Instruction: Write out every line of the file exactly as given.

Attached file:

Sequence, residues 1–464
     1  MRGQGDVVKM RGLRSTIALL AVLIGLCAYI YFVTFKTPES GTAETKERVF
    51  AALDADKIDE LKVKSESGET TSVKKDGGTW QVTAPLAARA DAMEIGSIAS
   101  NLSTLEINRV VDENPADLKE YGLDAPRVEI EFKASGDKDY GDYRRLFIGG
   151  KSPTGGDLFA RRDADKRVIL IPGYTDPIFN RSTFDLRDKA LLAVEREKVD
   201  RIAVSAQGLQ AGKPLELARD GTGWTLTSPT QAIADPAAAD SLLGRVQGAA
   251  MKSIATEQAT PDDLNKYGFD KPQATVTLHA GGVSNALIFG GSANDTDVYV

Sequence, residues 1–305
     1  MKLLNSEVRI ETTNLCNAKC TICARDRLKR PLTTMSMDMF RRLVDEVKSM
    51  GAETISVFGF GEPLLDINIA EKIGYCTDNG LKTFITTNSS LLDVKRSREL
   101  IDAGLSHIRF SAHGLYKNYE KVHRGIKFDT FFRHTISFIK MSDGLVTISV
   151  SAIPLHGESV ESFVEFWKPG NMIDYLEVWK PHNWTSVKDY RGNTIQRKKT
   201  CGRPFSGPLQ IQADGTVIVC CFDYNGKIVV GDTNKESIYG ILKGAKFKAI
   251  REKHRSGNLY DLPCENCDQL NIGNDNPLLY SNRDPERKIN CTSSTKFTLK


Sequence, residues 1–464
     1  MRGQGDVVKM RGLRSTIALL AVLIGLCAYI YFVTFKTPES GTAETKERVF
    51  AALDADKIDE LKVKSESGET TSVKKDGGTW QVTAPLAARA DAMEIGSIAS
   101  NLSTLEINRV VDENPADLKE YGLDAPRVEI EFKASGDKDY GDYRRLFIGG
   151  KSPTGGDLFA RRDADKRVIL IPGYTDPIFN RSTFDLRDKA LLAVEREKVD
   201  RIAVSAQGLQ AGKPLELARD GTGWTLTSPT QAIADPAAAD SLLGRVQGAA
   251  MKSIATEQAT PDDLNKYGFD KPQATVTLHA GGVSNALIFG GSANDTDVYV

Sequence, residues 1–305
     1  MKLLNSEVRI ETTNLCNAKC TICARDRLKR PLTTMSMDMF RRLVDEVKSM
    51  GAETISVFGF GEPLLDINIA EKIGYCTDNG LKTFITTNSS LLDVKRSREL
   101  IDAGLSHIRF SAHGLYKNYE KVHRGIKFDT FFRHTISFIK MSDGLVTISV
   151  SAIPLHGESV ESFVEFWKPG NMIDYLEVWK PHNWTSVKDY RGNTIQRKKT
   201  CGRPFSGPLQ IQADGTVIVC CFDYNGKIVV GDTNKESIYG ILKGAKFKAI
   251  REKHRSGNLY DLPCENCDQL NIGNDNPLLY SNRDPERKIN CTSSTKFTLK